Photos by Howard Nuernberger
Source: James Sellmer
Dedication Ceremony (September 28 2005)
On September 28, 2005, the first official tree in the future botanic gardens was dedicated to the Arboretum in honor of Dr. Charles L. Hosler, senior vice president for research and dean emeritus of the graduate school and professor emeritus of meteorology, and in memory of Dr. Hosler's late wife, Anna Rosa Hosler. The tree, a white oak (Quercus alba) is a gift from George Biemesderfer, a Penn State alumnus in agriculture, who wanted not only to commemorate his cousin and mentor, Dr. Hosler, and his wife, but also to inspire others to help build the Arboretum. In Mr. Biemesderder's words, “The white oak is a big tree. But really, it’s small in respect to the whole project.”
Having been planted near the ridge in the middle of the Mitchell Tract, the Hosler Oak faces Park Avenue (the main entrance to campus from the Mt. Nittany Expressway/future Interstate 99). It will eventually grow to be 80 to 100 feet tall with a trunk 3 to 4 feet in diameter and a spreading crown form typically seen on old, open-grown white oaks in the central Pennsylvania countryside. This will be the Arboretum's "witness tree," a living cornerstone that will witness the full development of the Arboretum. A century from now, this tree will be a prominent feature of the Arboretum landscape and a venerable reminder of its origin.
As the Arboretum receives donations, the 56-acre tract surrounding the witness tree will be filled with demonstration and specialty gardens, a conservatory, an education center, and features such as a pond and fountain, event lawn, overlook pavilion, and parterre garden (as illustrated in the watercolor rendering below).
On March 21, 2005, the tree was transplanted from Green Acres Nursery (owned by Mr. Biemesderfer) in Lititz, Pennsylvania, to the grounds of the future Arboretum at Penn State just north of the University Park campus. The tree, which is 35 to 40 years old, has a 14-inch diameter a foot above the ground, and is 33 feet tall.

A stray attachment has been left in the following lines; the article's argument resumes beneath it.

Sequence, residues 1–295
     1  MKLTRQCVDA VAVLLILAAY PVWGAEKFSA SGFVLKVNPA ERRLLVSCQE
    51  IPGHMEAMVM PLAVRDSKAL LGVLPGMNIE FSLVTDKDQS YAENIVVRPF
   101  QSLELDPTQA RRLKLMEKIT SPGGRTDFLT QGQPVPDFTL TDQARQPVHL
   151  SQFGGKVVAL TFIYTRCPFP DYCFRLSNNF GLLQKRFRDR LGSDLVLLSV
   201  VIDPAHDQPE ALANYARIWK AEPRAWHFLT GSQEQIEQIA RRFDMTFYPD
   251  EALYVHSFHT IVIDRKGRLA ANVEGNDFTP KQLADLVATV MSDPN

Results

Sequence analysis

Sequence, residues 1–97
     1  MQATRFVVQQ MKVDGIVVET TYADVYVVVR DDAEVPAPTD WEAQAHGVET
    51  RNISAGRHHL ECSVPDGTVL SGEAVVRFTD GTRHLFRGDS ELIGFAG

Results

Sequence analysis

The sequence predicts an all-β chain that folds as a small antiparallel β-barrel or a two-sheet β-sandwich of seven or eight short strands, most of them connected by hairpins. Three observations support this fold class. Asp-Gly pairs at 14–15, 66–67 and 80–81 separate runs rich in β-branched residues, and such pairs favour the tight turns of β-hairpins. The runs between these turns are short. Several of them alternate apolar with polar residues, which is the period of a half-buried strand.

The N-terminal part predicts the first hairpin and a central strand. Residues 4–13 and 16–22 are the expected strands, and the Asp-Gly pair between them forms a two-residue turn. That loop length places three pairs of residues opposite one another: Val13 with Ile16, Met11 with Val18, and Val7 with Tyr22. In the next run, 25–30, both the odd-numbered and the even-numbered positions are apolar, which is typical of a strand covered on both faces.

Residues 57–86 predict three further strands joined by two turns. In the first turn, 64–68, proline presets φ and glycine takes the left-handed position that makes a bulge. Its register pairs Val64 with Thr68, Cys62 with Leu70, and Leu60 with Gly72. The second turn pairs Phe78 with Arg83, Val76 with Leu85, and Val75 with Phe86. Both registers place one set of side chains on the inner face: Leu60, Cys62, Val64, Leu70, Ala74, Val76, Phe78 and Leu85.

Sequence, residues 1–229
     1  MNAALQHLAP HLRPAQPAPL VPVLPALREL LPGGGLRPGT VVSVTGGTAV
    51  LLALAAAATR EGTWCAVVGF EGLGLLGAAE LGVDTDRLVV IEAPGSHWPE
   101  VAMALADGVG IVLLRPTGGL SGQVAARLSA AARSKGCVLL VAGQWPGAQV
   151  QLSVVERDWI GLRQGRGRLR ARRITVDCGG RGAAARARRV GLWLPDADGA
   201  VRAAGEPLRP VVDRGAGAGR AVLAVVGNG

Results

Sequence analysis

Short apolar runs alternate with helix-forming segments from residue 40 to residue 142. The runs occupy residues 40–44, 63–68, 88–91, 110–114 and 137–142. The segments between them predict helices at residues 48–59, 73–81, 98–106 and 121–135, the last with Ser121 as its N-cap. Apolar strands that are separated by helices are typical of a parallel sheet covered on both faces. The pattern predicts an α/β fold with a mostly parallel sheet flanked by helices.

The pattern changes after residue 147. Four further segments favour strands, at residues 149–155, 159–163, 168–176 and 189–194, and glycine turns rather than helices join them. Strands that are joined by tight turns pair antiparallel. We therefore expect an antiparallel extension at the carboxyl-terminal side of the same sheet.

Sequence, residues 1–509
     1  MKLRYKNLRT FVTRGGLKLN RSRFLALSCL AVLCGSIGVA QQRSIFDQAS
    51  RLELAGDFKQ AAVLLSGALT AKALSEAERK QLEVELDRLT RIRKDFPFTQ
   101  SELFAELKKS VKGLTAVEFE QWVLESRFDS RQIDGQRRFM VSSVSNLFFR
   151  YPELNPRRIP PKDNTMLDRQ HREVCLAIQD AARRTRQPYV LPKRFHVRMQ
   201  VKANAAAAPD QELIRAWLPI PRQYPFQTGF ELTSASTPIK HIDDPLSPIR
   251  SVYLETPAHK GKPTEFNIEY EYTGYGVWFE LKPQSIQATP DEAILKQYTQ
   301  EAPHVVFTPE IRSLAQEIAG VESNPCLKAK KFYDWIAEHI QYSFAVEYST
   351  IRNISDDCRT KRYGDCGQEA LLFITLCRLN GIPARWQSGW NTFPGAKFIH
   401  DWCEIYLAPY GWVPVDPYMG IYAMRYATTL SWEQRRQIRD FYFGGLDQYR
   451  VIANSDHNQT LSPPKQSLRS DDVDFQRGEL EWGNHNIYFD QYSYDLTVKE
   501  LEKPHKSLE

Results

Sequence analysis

A tree this large required extensive preparations for transplanting. Those preparations began in November 2001 when extensive trenching was done around the tree in the nursery to encourage root development. Dr. James Sellmer, associate professor of ornamental horticulture, worked with Mr. Biemesderfer's crew to oversee and document the tree's root development and the move from the nursery in Lancaster County to Centre County.
Two days were required for digging and preparing the tree to be transplanted. When it was lifted by a 50-ton crane from the ground, the entire tree and its 9-foot root ball weighed approximately 14 tons, making it the largest tree transplanted onto Penn State property since at least 1933, when two large elms were planted at the front corners of Old Main.
On the historic spring afternoon when the Hosler Oak was brought to Penn State, Dr. Hosler, Mr. Biemesderfer, and Dr. Steiner were joined in the Mitchell Tract by several Penn State administrators, all of whom tossed a ceremonial shovel of soil into the trench around the root ball.
Caring for the Hosler Oak
Dr. Sellmer anticipated that the large tree would be susceptible to moisture stress during its first season in the Arboretum because of its limited root system and the well-drained site where it had been planted. He provided soil probes for Penn State's tree crew, headed by Jeffrey Dice, and the crew from Green Acres Nursery to insert into the soil of the oak's root ball before the planting hole was backfilled. Attached to the probes were sensors, embedded at various depths in the soil.
Moisture probes reveal the relative moisture content of soil through time by measuring electrical conductivity of the soil. High soil moisture enhances conductivity. Dave Despot, research support assistant in the Department of Horticulture, used the sensor readings and measurements of the tree's pre-dawn leaf water potentials (a direct measure of plant water status) to guide him in knowing when to activate a drip irrigation system around the tree.
Taking these precautions turned out to be quite fortunate because hot weather arrived early. There were five days during which the heat exceeded 90 degrees in June alone, a month in which the State College area averages 1.8 days above 90 degrees in a 75-year cycle.
Because the 2005 season continued to be dry and hot, it was necessary to monitor the oak several times a week, and to provide 58 inches of water to the tree's roots from March through September.
At the end of August, Dr. Sellmer reported that the watering had not only enabled the oak to survive, but to begin extending its root system into the mulched area beyond the root ball. Monitoring will continue in 2006.
Trees of Penn State
An inventory of the more than 12,433 trees on the University Park campus was begun in 2002. You may read about and view the 2,273 that have been inventoried so far, including heritage trees and commemorative trees, on the Trees of Penn State Web site.